2500 years ago Plato stated “all learning has an emotional base”. Not bad for someone who had no neurological research to back him up. Recent research certainly establishes that emotions are a key component of effective learning. And learning and leadership go hand-in-hand.
I would add my changes to that quote as “all stellar leadership has an emotional base”.
There seems to exist a bias against emotion from many leaders. Being ’emotional’ is a pejorative. They want pure empericism. Numbers…data…metrics. And they are absolutely correct with their results-driven approach, with some caveats….
Do you remember that presentation you were in at that pre-Covid conference? That presentation filled with Powerpoint slides crammed with vital data that you couldn’t read? Do you remember walking out of that saying “YES!!!!…I am going to act on that!!…..probably not.
I participated in a medical conference about eighteen months ago. I gave one of the first presentations, and then stayed to learn throughout the rest of the day. I did learn quite a bit about the medical procedures pertinent to the specialty. But what I really learned was how people reacted to the presentations.
I don’t want to sound critical, but I really doubt that many of the participants today can remember what was said. Why? Because eyes were glazed over. Texting was rampant. Figetting was everywhere. The presenters had a monitor where they could see their slides….and they read them…and they read them.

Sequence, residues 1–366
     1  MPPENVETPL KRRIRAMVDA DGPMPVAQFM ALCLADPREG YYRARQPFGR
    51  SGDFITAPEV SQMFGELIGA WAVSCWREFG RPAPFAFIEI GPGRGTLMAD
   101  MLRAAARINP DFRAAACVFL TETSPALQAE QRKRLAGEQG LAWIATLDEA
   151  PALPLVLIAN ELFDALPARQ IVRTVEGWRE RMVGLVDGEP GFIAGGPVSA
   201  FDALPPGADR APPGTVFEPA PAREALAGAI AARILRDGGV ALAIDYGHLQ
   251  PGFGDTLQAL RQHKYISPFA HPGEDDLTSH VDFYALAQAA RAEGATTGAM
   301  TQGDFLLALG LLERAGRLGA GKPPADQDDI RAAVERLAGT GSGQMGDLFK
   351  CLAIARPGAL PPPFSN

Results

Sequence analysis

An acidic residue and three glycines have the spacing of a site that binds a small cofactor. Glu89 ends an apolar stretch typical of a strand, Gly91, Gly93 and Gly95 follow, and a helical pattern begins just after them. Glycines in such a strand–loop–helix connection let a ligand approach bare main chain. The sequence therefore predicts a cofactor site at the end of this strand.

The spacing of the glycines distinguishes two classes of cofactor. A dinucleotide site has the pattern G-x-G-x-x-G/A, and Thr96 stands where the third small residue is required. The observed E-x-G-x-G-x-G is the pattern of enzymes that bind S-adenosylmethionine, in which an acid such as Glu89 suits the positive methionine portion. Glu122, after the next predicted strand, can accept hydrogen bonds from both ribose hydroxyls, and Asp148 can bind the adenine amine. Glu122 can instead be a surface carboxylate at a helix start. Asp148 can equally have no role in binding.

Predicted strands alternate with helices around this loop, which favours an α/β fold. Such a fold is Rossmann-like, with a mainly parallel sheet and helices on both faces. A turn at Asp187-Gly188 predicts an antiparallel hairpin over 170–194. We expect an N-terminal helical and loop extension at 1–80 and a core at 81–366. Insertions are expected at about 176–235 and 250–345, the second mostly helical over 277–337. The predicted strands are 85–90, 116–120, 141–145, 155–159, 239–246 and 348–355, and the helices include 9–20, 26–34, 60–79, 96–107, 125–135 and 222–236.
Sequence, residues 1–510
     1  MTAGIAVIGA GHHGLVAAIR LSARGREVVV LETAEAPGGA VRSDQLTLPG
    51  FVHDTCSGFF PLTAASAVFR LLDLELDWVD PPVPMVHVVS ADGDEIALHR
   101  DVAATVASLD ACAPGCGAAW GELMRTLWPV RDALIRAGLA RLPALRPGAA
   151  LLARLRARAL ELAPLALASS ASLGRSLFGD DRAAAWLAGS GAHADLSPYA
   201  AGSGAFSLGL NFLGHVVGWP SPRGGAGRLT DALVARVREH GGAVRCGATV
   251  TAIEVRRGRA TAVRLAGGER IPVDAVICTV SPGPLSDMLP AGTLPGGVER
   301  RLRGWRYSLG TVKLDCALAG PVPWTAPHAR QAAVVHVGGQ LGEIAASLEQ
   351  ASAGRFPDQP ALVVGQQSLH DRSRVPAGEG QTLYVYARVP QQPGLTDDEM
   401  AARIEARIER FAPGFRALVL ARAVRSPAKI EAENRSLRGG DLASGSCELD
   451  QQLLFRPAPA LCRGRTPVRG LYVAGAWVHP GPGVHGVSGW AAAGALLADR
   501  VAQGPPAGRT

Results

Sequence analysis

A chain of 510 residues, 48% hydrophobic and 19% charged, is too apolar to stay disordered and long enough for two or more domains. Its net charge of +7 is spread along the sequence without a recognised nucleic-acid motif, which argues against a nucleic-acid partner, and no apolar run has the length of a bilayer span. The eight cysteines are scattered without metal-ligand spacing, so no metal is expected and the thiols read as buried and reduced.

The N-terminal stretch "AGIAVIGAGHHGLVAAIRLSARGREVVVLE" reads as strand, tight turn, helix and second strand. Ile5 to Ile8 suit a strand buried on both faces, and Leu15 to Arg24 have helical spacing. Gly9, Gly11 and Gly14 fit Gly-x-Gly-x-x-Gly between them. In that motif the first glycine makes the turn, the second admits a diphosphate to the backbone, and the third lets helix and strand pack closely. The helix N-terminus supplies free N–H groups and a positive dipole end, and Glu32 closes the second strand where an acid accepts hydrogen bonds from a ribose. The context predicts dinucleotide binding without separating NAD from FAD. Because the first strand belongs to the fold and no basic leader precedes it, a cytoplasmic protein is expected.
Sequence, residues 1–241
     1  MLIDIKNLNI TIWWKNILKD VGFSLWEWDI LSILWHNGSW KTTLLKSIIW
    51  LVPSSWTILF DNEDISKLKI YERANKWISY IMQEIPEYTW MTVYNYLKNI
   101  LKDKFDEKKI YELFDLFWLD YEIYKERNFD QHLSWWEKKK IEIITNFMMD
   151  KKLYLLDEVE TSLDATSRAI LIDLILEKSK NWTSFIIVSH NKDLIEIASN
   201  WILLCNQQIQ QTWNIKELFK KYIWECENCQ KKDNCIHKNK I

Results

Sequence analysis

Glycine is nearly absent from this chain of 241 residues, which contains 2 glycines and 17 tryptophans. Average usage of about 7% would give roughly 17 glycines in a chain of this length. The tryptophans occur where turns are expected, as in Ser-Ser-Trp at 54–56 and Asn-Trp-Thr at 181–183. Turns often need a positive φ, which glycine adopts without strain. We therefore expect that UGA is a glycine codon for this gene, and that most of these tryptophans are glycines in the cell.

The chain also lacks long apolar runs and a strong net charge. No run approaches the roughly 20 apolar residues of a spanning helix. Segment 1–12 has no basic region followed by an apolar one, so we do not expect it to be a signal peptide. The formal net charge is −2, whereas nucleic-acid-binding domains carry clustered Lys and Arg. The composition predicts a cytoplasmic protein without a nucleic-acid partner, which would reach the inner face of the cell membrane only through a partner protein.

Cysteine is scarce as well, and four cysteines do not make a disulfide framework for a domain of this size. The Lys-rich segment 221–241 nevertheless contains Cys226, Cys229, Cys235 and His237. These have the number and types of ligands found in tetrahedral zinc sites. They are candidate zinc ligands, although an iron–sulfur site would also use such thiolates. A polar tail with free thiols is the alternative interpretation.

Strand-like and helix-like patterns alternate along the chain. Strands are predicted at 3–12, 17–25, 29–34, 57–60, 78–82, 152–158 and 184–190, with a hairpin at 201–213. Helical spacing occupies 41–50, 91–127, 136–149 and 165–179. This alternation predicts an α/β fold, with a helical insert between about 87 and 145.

And then, in the middle of the conference, a presenter stood and enthusiastically began his presentation. He talked about a program he led that involved first responders as part of the emergency treatment portion of the specialty. Anyone walking away from his presentation could have replicated what he had created. And they could probably remember it today also.
Why? He had emotion. It was enthusiasm. He shared pictures. He created an environment of buy-in. He showed interviews. And yes, he showed metrics. Door-to-needle times had dropped significantly. Quality measures had improved. Patient satisfaction had improved…who wouldn’t want to be on that medical team?
Did his “emotion” detract from his data? Quite the opposite. By the time he got to his data, there were few people who did not have their full attention on him, taking notes, and asking questions.
If that sounds to fluffy, I would refer you to an excellent book I am currently reading, Leadership at Scale, produced by McKinsey and Company.
Using the massive McKinsey research capabilities, they are able to analyze and delve into themes that not only have qualitative value, but can be substantiated quantitatively.
I read this morning from chapter five in the book. The points noted above are carefully documented with thirty-four references for points noted in the twenty-seven page chapter.
So, in conclusion, in the words of John Maxwell, “leaders are learners”. I would add, leaders are teachers. And ‘students’, those you lead, learn best, when connecting emotion is part of the learning environment.